Goto

Collaborating Authors

Case-Based Behavior Adaptation Using an Inverse Trust Metric

AAAI Conferences

Robots are added to human teams to increase the team's skills or capabilities but in order to get the full benefit the teams must trust the robots. We present an approach that allows a robot to estimate its trustworthiness and adapt its behavior accordingly. Additionally, the robot uses case-based reasoning to store previous behavior adaptations and uses this information to perform future adaptations. In a simulated robotics domain, we compare case-based behavior adaption to behavior adaptation that does not learn and show it significantly reduces the number of behaviors that need to be evaluated before a trustworthy behavior is found.


Adapting Autonomous Behavior Based on an Estimate of an Operator's Trust

AAAI Conferences

Robots can be added to human teams to provide improved capabilities or to perform tasks that humans are unsuited for. However, in order to get the full benefit of the robots the human teammates must use the robots in the appropriate situations. If the humans do not trust the robots, they may underutilize them or disuse them which could result in a failure to achieve team goals. We present a robot that is able to estimate its trustworthiness and adapt its behavior accordingly. This technique helps the robot remain trustworthy even when changes in context, task or teammates are possible.


Scale invariant robot behavior with fractals

#artificialintelligence

Robots deployed at orders of magnitude different size scales, and that retain the same desired behavior at any of those scales, would greatly expand the environments in which the robots could operate. However it is currently not known whether such robots exist, and, if they do, how to design them. Since self similar structures in nature often exhibit self similar behavior at different scales, we hypothesize that there may exist robot designs that have the same property. Here we demonstrate that this is indeed the case for some, but not all, modular soft robots: there are robot designs that exhibit a desired behavior at a small size scale, and if copies of that robot are attached together to realize the same design at higher scales, those larger robots exhibit similar behavior. We show how to find such designs in simulation using an evolutionary algorithm.


Predator-driven natural selection on risk-taking behavior in anole lizards

Science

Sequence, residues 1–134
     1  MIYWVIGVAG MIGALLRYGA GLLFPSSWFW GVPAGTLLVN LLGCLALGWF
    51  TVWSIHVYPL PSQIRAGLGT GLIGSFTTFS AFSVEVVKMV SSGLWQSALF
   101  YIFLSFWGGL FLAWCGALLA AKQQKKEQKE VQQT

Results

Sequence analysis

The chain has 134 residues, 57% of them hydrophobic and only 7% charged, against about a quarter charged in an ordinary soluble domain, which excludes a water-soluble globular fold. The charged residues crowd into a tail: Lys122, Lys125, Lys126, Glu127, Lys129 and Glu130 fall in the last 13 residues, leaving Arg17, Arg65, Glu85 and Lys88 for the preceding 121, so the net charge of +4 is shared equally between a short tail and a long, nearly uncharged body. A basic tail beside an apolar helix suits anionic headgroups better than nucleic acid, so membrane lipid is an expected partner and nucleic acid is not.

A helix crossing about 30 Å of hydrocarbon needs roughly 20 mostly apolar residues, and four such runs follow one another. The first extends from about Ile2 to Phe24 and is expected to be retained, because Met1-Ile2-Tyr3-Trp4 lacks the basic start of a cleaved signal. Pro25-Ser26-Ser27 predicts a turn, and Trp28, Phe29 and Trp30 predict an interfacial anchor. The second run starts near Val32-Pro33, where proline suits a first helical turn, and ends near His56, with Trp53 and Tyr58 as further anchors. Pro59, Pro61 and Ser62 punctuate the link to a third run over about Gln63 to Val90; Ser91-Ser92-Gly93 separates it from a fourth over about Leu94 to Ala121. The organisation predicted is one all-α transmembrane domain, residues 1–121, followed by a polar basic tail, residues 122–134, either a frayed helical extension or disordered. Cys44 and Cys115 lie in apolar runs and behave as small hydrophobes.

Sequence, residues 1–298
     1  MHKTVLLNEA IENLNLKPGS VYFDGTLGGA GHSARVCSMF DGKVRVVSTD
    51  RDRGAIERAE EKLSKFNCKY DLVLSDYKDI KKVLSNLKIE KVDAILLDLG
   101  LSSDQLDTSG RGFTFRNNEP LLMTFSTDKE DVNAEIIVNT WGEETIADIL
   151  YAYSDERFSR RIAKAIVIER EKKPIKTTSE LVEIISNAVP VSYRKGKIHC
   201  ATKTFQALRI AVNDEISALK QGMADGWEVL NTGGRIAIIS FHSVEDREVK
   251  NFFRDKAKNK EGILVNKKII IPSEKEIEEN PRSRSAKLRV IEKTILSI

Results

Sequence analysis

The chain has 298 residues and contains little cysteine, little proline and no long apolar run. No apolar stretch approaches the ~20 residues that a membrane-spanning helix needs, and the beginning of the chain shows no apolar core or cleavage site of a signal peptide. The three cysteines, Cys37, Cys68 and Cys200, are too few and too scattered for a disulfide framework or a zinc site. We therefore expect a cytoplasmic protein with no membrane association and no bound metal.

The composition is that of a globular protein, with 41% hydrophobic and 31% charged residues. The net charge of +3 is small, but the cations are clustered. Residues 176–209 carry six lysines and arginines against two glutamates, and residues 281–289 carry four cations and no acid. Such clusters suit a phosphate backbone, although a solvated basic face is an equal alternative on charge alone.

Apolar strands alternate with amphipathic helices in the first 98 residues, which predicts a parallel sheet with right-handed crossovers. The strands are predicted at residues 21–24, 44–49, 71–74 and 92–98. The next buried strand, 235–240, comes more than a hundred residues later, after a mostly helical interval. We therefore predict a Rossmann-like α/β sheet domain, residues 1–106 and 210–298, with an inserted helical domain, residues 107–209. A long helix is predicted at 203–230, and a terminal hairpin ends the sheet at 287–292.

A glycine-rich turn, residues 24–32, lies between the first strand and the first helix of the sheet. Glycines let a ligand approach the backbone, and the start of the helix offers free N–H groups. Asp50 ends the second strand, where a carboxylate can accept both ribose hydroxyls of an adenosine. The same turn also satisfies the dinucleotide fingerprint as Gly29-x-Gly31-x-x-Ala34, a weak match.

Biologists have long debated the role of behavior in evolution, yet understanding of its role as a driver of adaptation is hampered by the scarcity of experimental studies of natural selection on behavior in nature. After showing that individual Anolis sagrei lizards vary consistently in risk-taking behaviors, we experimentally established populations on eight small islands either with or without Leiocephalus carinatus, a major ground predator. We found that selection predictably favors different risk-taking behaviors under different treatments: Exploratory behavior is favored in the absence of predators, whereas avoidance of the ground is favored in their presence. On predator islands, selection on behavior is stronger than selection on morphology, whereas the opposite holds on islands without predators. Our field experiment demonstrates that selection can shape behavioral traits, paving the way toward adaptation to varying environmental contexts.


Differential Replication in Machine Learning

arXiv.org Machine Learning

When deployed in the wild, machine learning models are usually confronted with data and requirements that constantly vary, either because of changes in the generating distribution or because external constraints change the environment where the model operates. To survive in such an ecosystem, machine learning models need to adapt to new conditions by evolving over time. The idea of model adaptability has been studied from different perspectives. In this paper, we propose a solution based on reusing the knowledge acquired by the already deployed machine learning models and leveraging it to train future generations. This is the idea behind differential replication of machine learning models. "If during the long course of ages and under varying conditions of life, organic beings vary at all in the several parts of their organization, [...] I think it would be a most extraordinary fact if no variation ever had occurred useful to each being's own welfare, in the same way as so many variations have occurred useful to man. But if variations useful to any organic being do occur, assuredly individuals thus characterized will have the best chance of being preserved in the struggle for life; and from the strong principle of inheritance they will tend to produce offspring similarly characterized. This principle of preservation, I have called, for the sake of brevity, Natural Selection."